A reflection on Plato’s Ion
Previously I have examined the requirement to engage in genuine self-examination and debate on the path of inquiry, but I have failed to address the reality that all people do not start at the same point when commencing their intellectual journey. Circumstances beyond our control limit our ability to engage in rational and philosophical investigations, and as such this begs the question: what is our responsibility with regards to ourselves and others in the conduct of contemplation? To understand this, we should examine the factors that limit or enhance our ability to improve ourselves – and also that small part of self-determination that we have to strengthen the progress for ourselves and others.
The first issue which will limit our ability as an individual, and possibly the most definite in its impact, is the innate talent of differing people. Each individual, due to the uncertain and mixed results of human conception, is gifted with mental capacity widely varying – both in overall quality and also within the different aspects of the intellect (retention, lateral thinking, pattern solving, linguistics, etc.). If a person is born with faulty intellectual facilities, their ability to progress will be stymied in direct proportion to their debility – although no-one is incapable of making progress. However, despite being of considerable individual mental capacity, a person may still be stymied by other external factors.
The next issue which can suppress an individual’s ability to learn and develop is the societal circumstances which influence them throughout their lives. This is the impact of systemic prejudice, the socio-economic status of an individual’s family, how peaceable the culture a person has been born into, the policies of education adopted within a society or the accessibility of external viewpoints and texts which help challenge and round our own opinions and beliefs. If a person lacks access to education or the resources to self-educate as they grow older, their intellectual prospects are similarly reduced regardless of their innate talent – although these two factors alone do not account for the full sum of ability.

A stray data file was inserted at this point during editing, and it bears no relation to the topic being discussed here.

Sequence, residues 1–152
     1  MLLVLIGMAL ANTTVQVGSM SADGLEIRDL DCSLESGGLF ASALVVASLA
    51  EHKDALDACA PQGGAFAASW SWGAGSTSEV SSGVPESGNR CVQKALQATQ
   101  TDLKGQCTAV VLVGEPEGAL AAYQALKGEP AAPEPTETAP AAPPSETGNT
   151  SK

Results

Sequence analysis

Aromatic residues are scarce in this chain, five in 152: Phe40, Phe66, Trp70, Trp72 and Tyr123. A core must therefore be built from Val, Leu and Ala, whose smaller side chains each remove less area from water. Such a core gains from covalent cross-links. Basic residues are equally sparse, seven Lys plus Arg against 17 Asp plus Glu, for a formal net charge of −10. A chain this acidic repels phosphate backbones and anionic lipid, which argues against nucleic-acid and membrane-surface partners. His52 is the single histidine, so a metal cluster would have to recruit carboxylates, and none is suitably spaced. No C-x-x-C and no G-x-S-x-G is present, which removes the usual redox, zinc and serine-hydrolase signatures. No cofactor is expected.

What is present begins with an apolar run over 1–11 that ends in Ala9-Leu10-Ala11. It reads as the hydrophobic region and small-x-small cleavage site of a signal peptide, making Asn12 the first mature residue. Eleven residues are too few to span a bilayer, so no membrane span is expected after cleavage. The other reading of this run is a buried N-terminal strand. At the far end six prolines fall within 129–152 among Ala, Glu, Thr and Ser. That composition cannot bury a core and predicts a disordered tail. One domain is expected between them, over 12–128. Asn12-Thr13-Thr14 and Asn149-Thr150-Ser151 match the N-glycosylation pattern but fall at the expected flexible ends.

The third factor which determines intellectual growth is something entirely beyond genetic or social engineering – the impact of chance. Being fortunate enough to encounter a mentor at a young age, to have a good teacher while moving through education, to be surrounded with friends who are willing to engage in intellectual discourse – all these things have a massive impact on our development. Although it can be argued that this is partly influenced by the societal circumstances listed above, to say that there is no luck involved in the process of growth is to ignore reality. But all of the above three factors are mostly passive – what aspect is left to the activity of the individual?
Faced with the factors above there is only one final aspect which will contribute to a person’s development, or lack thereof: conscious effort. Despite all the advantage in the world – talent, a privileged upbringing and good luck – if an individual lacks the self-motivation to undergo the mentally exhausting and rigorous self-critique to intellectually grow they will fail. It is not uncommon to see those in power lapse into the same well-worn positions, clinging to the same sacred idols as a person forced into the mind-numbing orthodoxy which acts both as warm blanket and fetter to those oppressed under the crushing weight of poverty, discrimination, poor mental faculties and misfortune. With this in mind, we must ask ourselves, if only a small aspect of our ability is due to personal agency, how can this aptitude be best employed?
Firstly, I believe that we have a responsibility to ourselves, in that we can never allow our circumstances – whether for good or ill – to let us to drift into the smug comfort of certainty. We must continually question the orthodoxy within ourselves and our societies, overturning the potential bonds which prevent us from reaching our potential capacity – regardless of how limited that may be.
Secondly, I suggest that we have a responsibility to broaden the opportunities and reduce the impact of societal impediments to the intellectual growth of all fellow inquirers. I am not yet sure enough in my own understanding of ethics, or whether a coherent theory of ethics is even possible, to postulate an exhortation to increasing equality – but I think an adequate stop-gap can be made through the appeal to self-interest. Intellectual discovery is never a solitary act. Whether you are listening to a challenging lecture, reading a stimulating book or engaging in vigorous debate, someone else is involved in the process – a teacher, author or interlocutor. If you value your own development, you should strive to ensure your society produces the best possible companions, able to challenge you with heterodox beliefs that are intelligently presented and open to discussion.
Franz Matsch, The Triumph of Achilles, 1892